EHR interoperability should be ONC’s priority, vendors say

May 13, 2014

EHR vendors and other healthcare IT stakeholders contested and criticized new certification rules proposed by the Office of the National Coordinator for Health Information Technology for 2015 in a Health IT Policy Committee hearing.

Electronic health record (EHR) vendors and other healthcare IT stakeholders contested and criticized new certification rules proposed by the Office of the National Coordinator for Health Information Technology (ONC) for 2015 in a Health IT Policy Committee hearing on May 7.

The ONC aims to create EHR standards separate from the Centers for Medicare and Medicaid Services (CMS) meaningful use (MU) standards, even establishing certification standards for non-MU EHRs. Other significant parts of the new rule would make 2015 certification voluntary for vendors and providers in meeting CMS incentive programs. In addition, the ONC wants to publish new certification criteria more frequently, every 12 to 18 months, to better respond to stakeholder feedback. The final rule will be published in summer 2014.

By relaxing the standards for EHRs, vendors and providers can work toward 2015 at their own terms and pace, Karen DeSalvo, MD, national coordinator for ONC, said in a statement about the rules in February.

The EHR certification process forces vendors to focus on meeting MU standards, rather than meeting provider needs, said Mickey McGlynn, chair of the EHR Association and senior director of strategy and operations at Siemens Healthcare.

“The certification criteria for the meaningful use objectives, the reports that measure these objectives, and the clinical quality measures, are not consistently aligned with each other and sometimes not aligned with clinical practice,” McGlynn said during the hearing. “We are concerned that, as the provider community comes to use the software, there will be dissatisfaction that will reflect negatively on EHR developers, when in fact we are doing what is required for certification.”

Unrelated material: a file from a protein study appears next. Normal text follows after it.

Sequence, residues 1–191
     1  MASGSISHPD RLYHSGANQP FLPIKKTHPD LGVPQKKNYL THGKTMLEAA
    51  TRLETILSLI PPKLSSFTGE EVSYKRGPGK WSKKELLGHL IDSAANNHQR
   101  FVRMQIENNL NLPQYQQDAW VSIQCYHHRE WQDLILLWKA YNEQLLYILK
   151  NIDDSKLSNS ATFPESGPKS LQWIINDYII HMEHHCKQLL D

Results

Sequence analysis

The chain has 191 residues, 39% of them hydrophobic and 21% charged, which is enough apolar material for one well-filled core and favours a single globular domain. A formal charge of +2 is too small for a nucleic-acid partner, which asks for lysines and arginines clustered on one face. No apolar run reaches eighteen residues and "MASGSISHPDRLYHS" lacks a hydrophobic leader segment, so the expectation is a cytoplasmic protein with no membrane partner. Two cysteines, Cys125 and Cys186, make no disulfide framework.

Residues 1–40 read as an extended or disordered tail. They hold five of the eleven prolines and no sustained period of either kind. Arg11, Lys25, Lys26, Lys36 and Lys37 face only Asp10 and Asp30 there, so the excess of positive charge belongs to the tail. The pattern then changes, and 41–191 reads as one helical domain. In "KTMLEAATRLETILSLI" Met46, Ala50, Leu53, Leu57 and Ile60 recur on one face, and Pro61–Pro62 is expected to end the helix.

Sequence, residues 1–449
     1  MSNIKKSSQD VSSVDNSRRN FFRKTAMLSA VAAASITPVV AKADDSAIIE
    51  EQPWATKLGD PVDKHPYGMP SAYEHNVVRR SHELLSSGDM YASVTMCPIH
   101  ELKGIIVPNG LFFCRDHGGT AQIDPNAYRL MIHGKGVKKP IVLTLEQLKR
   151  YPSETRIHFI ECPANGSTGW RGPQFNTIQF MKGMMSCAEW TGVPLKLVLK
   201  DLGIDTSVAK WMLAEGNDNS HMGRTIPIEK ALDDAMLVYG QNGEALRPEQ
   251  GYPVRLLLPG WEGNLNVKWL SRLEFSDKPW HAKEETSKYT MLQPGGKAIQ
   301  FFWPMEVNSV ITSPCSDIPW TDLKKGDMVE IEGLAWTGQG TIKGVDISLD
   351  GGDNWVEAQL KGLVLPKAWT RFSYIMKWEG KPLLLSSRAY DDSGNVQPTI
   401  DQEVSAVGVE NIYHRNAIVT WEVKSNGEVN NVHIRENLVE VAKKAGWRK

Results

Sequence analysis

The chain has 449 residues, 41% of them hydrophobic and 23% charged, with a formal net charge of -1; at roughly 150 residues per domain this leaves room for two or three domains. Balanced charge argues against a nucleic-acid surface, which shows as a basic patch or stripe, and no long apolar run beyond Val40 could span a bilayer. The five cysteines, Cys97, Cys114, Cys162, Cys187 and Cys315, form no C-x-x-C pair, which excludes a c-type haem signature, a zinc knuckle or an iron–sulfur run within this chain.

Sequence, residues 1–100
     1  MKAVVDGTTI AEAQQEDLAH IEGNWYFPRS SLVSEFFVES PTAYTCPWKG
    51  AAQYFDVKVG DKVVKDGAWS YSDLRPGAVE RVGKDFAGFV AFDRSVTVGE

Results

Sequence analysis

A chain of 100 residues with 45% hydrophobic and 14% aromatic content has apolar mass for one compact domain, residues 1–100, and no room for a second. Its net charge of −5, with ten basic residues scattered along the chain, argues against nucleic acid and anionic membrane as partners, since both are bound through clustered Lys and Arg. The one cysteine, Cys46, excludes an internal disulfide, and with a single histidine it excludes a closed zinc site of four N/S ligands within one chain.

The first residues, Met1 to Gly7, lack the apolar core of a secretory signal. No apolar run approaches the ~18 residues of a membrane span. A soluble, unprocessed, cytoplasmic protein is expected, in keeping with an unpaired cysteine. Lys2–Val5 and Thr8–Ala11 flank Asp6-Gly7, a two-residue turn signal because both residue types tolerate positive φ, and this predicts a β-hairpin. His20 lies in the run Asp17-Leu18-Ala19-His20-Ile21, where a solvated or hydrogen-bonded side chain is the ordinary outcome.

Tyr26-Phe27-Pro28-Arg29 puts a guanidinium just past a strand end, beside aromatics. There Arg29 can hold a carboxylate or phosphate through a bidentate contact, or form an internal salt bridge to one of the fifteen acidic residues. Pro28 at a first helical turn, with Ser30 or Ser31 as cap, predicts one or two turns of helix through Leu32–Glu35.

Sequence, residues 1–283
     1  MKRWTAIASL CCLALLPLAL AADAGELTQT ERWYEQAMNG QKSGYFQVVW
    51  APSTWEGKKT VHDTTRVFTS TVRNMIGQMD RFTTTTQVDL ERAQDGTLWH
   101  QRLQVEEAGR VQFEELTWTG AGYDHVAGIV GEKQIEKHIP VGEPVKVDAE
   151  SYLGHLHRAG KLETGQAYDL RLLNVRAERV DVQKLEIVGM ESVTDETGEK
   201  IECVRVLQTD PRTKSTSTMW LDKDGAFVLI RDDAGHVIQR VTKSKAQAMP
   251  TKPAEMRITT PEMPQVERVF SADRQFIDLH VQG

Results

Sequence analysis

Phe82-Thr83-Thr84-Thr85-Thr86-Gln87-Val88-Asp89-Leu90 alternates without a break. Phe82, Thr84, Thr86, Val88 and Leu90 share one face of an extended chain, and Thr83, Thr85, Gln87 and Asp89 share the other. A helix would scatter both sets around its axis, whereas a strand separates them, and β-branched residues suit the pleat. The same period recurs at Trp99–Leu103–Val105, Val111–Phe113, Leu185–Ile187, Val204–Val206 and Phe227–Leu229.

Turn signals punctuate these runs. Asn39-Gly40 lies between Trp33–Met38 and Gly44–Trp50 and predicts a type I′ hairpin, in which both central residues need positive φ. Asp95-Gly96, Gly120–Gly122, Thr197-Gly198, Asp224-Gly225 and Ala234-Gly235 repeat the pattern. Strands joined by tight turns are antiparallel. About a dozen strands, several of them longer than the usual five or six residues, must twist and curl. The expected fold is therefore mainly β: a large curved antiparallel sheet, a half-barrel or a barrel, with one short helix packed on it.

Though the Certification Commission for Health Information Technology is discontinuing its accreditation programs for EHRs this year, Alisa Ray, the certification commission’s executive director, acknowledged that EHR compliance is perceived as a bureaucratic function and not as an asset to providers. “Our own experience suggests that it requires broad input and collaboration from the health IT community, in an atmosphere of transparency and reliability, to successfully design certification programs that will demonstrably improve the effectiveness and satisfaction associated with of use of EHRs, thus removing one of the major barriers to widespread adoption,” Ray said.

Sasha TerMaat, director of certification and regulatory programs for EHR vendor Epic, said that interoperability is more important than certification guidelines. “I receive questions as to whether certification simplifies the process of selecting and purchasing an EHR. There is a minor improvement in the process of selection and purchasing, but it is not proportionate to the effort expended on certification. For every $1000 spent on certification, $1 of savings in the selection process might be achieved,” TerMaat said during testimony.

Sarah Corley, MD, FACP, chief medical officer for NextGen Healthcare, said that the EHR certification process should have a forward-looking map so that vendors can anticipate requirements.

“There should be evidence of the utility of any given certification requirement. It is important to remove requirements for automatic numerator and denominator calculations for measures that require additional documentation that is not necessary for the provision of care. These measures should be attested to,” Corley said during testimony.

Jitin Asnaani, director of technology standards and policy at athenahealth, says that instead of pushing back deadlines and making compliance voluntary, the ONC needs to make interoperability a priority.

“What the national health care delivery system really needs is a true mandate for robust interoperability,” Asnaani said in a blog posting. “Where is the ability for providers to click a button and migrate all their data – clinical, quality, population health, patient communication – wherever they wish, without being held hostage by a poorly performing EHR? All of these critical pieces are superficially explored, if at all, in the proposed rule, but could prove so instrumental to the transformation of health care over the next few years.”